Abortion Amendment Would Repeal Laws Protecting Viable Babies

May 24, 2022

Did you know that the anything-goes abortion amendment would repeal Michigan’s Partial-Birth Abortion, the Born Alive Infant Protection Act and allow for late-term abortions?

Today marks the launch of our “Did you know?” campaign. This month-long campaign will take place on our Facebook, Twitter, blog, and here. Each week we will release a new set of laws that the RFFA anything-goes abortion amendment will impact if enough signatures are collected and Michiganders vote for it on the November ballot.

We are starting week one of this campaign with a category of laws that will be repealed. These laws are essential to protecting viable babies and preventing infanticide.

The first law is the Partial-Birth Abortion Ban. This procedure starts by dilating the woman’s cervix over the course of three days. On the third day, the infant is delivered feet first up to the neck. The infant’s head is left in the birth canal so the doctors can claim that the child has not technically been delivered yet. The doctor then kills the child, crushes the skull, and then delivers the now-deceased baby.

The majority of the public and medical experts largely disfavor partial-birth abortion. Currently, partial-birth abortions are a felony for physicians to perform in Michigan. The penalty for committing this procedure is a fine of up to $50,000 and a maximum of two years in prison. While the federal government has passed the Partial-Birth Abortion Ban in 2001, Michigan has also set in place a statewide ban to ensure that the law is being enforced and violators are being properly prosecuted.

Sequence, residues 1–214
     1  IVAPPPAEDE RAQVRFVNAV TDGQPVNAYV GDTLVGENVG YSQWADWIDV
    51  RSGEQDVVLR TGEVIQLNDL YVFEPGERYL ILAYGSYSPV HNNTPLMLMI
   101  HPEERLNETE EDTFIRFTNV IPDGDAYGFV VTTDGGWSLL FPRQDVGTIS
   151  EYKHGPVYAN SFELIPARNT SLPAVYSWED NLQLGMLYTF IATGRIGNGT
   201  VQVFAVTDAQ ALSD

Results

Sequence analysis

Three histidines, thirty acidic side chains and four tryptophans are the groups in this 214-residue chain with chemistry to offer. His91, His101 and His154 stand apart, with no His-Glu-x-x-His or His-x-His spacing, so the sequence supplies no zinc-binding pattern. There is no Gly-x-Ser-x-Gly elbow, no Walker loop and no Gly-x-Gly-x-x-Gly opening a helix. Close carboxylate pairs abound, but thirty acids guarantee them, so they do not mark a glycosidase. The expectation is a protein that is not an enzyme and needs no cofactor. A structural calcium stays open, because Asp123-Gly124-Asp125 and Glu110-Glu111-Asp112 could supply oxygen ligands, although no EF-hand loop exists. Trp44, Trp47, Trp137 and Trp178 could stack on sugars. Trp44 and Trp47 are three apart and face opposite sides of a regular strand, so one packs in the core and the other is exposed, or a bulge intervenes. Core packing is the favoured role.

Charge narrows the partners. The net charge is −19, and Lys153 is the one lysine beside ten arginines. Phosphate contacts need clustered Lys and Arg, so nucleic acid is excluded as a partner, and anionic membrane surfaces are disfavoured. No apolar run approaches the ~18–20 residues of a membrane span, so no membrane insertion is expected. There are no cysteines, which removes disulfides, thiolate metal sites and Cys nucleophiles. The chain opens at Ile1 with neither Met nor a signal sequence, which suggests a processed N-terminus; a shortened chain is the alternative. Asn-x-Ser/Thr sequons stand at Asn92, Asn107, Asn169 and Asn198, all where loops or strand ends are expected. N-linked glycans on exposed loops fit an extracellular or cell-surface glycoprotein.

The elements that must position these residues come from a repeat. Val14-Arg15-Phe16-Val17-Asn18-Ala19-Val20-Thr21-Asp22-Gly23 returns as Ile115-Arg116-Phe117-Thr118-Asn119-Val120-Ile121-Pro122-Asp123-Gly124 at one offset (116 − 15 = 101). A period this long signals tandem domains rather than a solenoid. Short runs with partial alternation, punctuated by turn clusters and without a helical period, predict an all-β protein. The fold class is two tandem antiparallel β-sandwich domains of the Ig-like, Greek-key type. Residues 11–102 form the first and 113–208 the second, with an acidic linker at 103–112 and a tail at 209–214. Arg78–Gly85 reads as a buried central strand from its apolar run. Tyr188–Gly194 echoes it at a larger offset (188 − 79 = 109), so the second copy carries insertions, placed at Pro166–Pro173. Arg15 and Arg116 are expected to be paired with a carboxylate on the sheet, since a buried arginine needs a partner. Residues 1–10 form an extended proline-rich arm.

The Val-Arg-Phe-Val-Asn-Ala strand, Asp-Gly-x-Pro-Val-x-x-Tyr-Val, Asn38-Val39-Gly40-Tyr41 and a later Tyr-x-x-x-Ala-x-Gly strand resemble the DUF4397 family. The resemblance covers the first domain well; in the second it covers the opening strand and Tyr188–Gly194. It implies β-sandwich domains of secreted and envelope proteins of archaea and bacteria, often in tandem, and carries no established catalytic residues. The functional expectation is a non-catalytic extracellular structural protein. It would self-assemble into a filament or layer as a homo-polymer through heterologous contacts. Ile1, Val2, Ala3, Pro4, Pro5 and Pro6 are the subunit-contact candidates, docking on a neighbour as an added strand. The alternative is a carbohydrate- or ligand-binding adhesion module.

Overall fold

The RFFA amendment will also allow late-term abortions and prohibit the state from passing any restrictions. This means that abortion would be legal up until the moment of birth in Michigan. Late-term abortions are overwhelmingly disfavored by the majority of Americans. The language within the RFFA amendment proposal suggests that abortions will be restricted after viability but an unlimited “mental health” exception is also included to justify late-term abortion. This deceiving language continues throughout the amendment by changing the definition of “viability” from the scientific definition—which is when the child can survive outside of the womb—to the “likelihood of the fetus’s sustained survival outside the uterus without the application of extraordinary medical measures.” This means that infants with disabilities, serious health conditions, or born prematurely will not be protected from infanticide.

The second law that will be repealed by the RFFA amendment is the Born Alive Infant Protection Act. This act was passed in 2002 when Governor Engler signed it into law with bipartisan support from the MI House and Senate. The law ensures that infants born alive during an abortion are granted full rights of legal personhood and are given life-sustaining treatment. If the infant is born alive and is born too young to survive, the child should then be given perinatal care.

Under the Born Alive Infant Protection Act, women are protected from prosecution, while doctors who neglect abortion survivors can be prosecuted. The Born Alive Infant Protection Act also ensures that children can be surrendered under the Safe Delivery Act so they can be adopted quickly by a loving family. Abortion survivors are rare but do occur. The Abortion Survivors Network is a community that provides resources and a voice for survivors. They strive to educate the public on this “taboo” subject and let the world know that they exist.

These two laws and the future of restricting late-term abortions ban are in jeopardy and need your protection. Innocent lives are hanging on the whim of the radical pro-aborts in Michigan who don’t just want to legalize abortion, they want unlimited and unrestricted abortion anywhere, anytime, and anyway.

This wraps up week one of our “Did you know?” campaign. Please don’t stop talking about this. Share our Facebook and Twitter posts to let your friends and family know. Next week we will be discussing laws that protect women’s health and safety.